Captain Leslie Cecil Bentinck CLARKSON

Royal Army Service Corps
3rd Base Supply Depot
Service Number:
Date of Death:
31 March 1917 - Died
Cemetery / Memorial:
Grave Number:
VII. A. 17.

Personal History:
Leslie was born on the 27th February 1893, the only son of George Richard ("private means - allowance from father") and Helena Evelyn (née Schreiber) Clarkson of Club Mansions, Third Avenue, Brighton, Sussex (1901 Census RG13/936) and later of 64 Dyke Road, Brighton. In 1911 (Census RG14/5177) Leslie was boarding at 9 Brunswick Avenue, Hove, Sussex, and was a 'Student', one of three being tutored by Fraser Thornber at that address. He subsequently became fluent in French and German.

At the time of his enlistment in December 1914 he gave his address as 3 Michael's Hamlet, Liverpool, but correspondence address as Palace Hotel, Southport. It also stated that he spoke fluent French and German. On the 30th November 1915 the father's address was given in his Service papers as "The Union Club, Brighton". However, when the War Officer wrote to Leslie's father in April 1917 to inform him of his son's death, the address was 'The Gables', Buxton. Probate Records show that Leslie left £3004 14s 10d (£3004.74) to his father. [N.B. This would equate to almost £140,000 at today's (2013) relative value.]

Military History:
Leslie enlisted into the Army Service Corps on the 8th December 1914 for a period of four years.
Somewhat unusually he was almost immediately posted overseas. His Service Papers were
endorsed that Leslie was Gazetted on the 14th as a French speaking Officer and was report to
the Warrant Officer for immediate service overseas. His Medal Index Card shows that he entered
France on 16th December 1914.

The Army Service Corps were: "The unsung heroes of the British army in the Great War - the
ASC, Ally Sloper's Cavalry. Soldiers can not fight without food, equipment and ammunition.
In the Great War, the vast majority of this tonnage, supplying a vast army on many fronts, was
supplied from Britain. Using horsed and motor vehicles, railways and waterways, the ASC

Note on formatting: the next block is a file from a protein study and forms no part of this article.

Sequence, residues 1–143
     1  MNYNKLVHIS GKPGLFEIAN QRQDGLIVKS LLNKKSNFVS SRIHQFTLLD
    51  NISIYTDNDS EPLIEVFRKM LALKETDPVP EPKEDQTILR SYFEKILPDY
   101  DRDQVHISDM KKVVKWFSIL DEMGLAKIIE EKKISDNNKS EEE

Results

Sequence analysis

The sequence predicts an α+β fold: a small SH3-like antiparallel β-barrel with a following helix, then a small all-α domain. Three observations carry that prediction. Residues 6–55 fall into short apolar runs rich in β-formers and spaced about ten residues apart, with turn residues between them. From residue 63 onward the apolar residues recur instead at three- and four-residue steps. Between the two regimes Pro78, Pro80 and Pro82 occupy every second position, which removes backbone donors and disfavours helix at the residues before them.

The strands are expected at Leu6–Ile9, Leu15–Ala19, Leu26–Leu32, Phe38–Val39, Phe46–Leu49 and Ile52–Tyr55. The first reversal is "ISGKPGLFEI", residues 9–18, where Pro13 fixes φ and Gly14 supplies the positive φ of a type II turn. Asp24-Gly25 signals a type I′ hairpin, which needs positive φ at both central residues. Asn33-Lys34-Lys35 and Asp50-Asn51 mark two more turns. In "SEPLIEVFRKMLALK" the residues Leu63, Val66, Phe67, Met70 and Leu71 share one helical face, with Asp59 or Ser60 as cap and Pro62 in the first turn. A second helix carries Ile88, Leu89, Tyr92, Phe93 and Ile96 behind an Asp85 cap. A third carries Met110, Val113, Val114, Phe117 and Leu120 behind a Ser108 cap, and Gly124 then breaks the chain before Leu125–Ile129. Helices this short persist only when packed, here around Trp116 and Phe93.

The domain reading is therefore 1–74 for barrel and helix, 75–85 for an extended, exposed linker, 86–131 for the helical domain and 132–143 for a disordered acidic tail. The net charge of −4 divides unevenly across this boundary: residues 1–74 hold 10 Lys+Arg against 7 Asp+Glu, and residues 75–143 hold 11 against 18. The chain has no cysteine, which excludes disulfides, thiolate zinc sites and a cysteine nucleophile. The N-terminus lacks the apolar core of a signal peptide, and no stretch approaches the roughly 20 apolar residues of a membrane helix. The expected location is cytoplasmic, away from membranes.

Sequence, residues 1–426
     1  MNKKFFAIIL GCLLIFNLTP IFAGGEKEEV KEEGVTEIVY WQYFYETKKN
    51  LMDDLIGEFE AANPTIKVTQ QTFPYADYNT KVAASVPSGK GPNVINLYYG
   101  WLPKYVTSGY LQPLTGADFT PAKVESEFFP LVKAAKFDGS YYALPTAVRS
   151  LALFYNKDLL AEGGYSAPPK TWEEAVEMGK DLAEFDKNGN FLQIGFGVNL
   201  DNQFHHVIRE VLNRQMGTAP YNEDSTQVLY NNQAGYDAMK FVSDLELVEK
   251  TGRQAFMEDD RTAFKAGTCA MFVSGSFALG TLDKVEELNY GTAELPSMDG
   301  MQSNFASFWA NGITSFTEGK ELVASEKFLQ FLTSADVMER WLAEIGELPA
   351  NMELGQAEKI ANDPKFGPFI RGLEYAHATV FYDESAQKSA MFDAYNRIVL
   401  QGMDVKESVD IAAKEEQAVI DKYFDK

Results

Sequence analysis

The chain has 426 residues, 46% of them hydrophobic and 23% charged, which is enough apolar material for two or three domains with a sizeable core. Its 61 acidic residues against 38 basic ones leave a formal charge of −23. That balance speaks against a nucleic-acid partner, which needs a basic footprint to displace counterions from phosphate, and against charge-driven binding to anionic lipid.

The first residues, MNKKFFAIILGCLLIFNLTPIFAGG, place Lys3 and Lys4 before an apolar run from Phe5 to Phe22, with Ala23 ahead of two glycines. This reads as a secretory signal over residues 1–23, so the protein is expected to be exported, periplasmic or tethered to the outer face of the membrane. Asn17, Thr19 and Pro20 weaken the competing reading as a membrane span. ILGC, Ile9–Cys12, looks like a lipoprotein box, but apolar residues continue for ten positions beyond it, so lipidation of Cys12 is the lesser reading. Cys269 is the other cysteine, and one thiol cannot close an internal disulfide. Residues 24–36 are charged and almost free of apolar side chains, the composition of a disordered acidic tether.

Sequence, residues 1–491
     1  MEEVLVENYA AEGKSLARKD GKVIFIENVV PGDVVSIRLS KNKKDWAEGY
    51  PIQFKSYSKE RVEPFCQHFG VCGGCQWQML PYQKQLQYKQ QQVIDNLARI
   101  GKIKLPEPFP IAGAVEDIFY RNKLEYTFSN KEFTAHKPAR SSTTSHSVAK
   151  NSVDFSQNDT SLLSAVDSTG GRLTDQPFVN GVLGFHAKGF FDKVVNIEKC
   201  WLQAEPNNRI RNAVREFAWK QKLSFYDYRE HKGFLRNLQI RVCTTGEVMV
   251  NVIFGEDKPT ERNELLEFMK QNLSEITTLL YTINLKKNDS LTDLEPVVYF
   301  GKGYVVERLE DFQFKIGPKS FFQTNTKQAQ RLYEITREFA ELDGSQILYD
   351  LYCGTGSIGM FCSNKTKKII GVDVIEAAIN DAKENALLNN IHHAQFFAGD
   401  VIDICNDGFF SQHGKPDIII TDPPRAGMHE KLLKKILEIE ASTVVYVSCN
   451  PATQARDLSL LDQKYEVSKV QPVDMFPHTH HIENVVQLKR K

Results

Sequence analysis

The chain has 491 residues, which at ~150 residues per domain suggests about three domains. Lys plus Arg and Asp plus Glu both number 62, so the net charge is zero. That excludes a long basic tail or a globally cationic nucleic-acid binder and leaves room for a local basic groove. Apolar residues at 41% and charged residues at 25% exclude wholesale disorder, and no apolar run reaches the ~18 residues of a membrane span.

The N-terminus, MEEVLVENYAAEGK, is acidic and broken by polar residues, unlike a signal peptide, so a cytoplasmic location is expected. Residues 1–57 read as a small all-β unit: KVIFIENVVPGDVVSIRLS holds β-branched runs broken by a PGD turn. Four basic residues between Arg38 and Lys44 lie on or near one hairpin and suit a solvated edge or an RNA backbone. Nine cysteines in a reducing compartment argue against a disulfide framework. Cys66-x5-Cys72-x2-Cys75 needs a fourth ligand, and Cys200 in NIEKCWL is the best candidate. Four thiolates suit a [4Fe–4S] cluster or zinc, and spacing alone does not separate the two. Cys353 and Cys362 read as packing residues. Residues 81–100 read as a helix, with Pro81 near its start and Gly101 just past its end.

performed prodigious feats of logistics and were one of the great strengths of organisation by
which the war was won."

Officially, Leslie was promoted to 2nd Lieutenant on the 14th December 1914 (London Gazette, 31st December). He was promoted to Lieutenant on the 20th March 1915 (London Gazette, 20th May) and to Captain on the 27th February 1917 (London Gazette, 28th February).

Leslie's first posting was as "R.S.D. Officer" [Railway Supply Detachment Officer] at the Boulogne Base Supply Depot, from 14th December 1914. On the 27th February 1916 he was became the "Local Purchasing Officer", also at Boulogne.

No 3 General Base Depot for Canadian forces was established at Le Havre in 1914. "Base Depots were established at the Channel Ports in France and at other places on the lines of communication. Goods arrived in bulk by ship and were broken down into wagon-loads and sent on by rail to the Regulating Stations. General Base Depots were the centres for collecting, sorting and despatching reinforcements."

On the 3rd March 1917 he was granted two weeks sick leave to England, suffering from "Debility" whilst recovering from "… measles, complicated by jaundice." Leslie returned on the 17th, and a week later, on the 24th, was appointed "No 13, L. of C. Support Coy" [Lines of Communication], also at Boulogne, but died just one week later on the 31st March 1917.

Leslie died at 5.55 a.m. on 31st March in the "No 7 Stationery Hospital, Boulogne" and the cause of death was eventually given as "Rabies". He had been admitted to hospital on the 29th ".. with a history of 3 days slight illness commencing with slight stiffness of the neck. During the afternoon of the 30th March, his temperature rose and he became delirious: at 7.00 p.m. he began to vomit and this continued until 5.55 a.m. on the 31st March when he died.

At the autopsy no cause of death was found and is now dependant on the pathological report from Pasteur Institute, Paris."

His father was informed that he had been buried in Boulogne Eastern Cemetery and his grave "… is marked by a durable wooden cross with an inscription bearing full particulars." However, he did write to the Army Council with opinion that his son's death ".. was a mystery as Capt. L. Clarkson never mentioned that he had been bitten by a dog."

The final page on Leslie's Service File has the stamp shown right - closing it to any further correspondence.

· I am grateful to Robert (Great War Forum) for the photo of Leslie from 'The Sphere' Magazine.
· I am also grateful to Phillip Evans (Great War Forum) for sending me Captain Clarkson's Service papers
· Notes on Base Supply Depots above sourced from 'The Long, Long Trial'

Commemorated on:
Captain Clarkson's name does NOT appear on the Brighton War Memorial. See: Men missing from the Old Steine Memorial
Link to CWGC Record
Capt Clarkson's Grave in Boulogne
Captain Clarkson's Medal Index Card
Capt Leslie C B Clarkson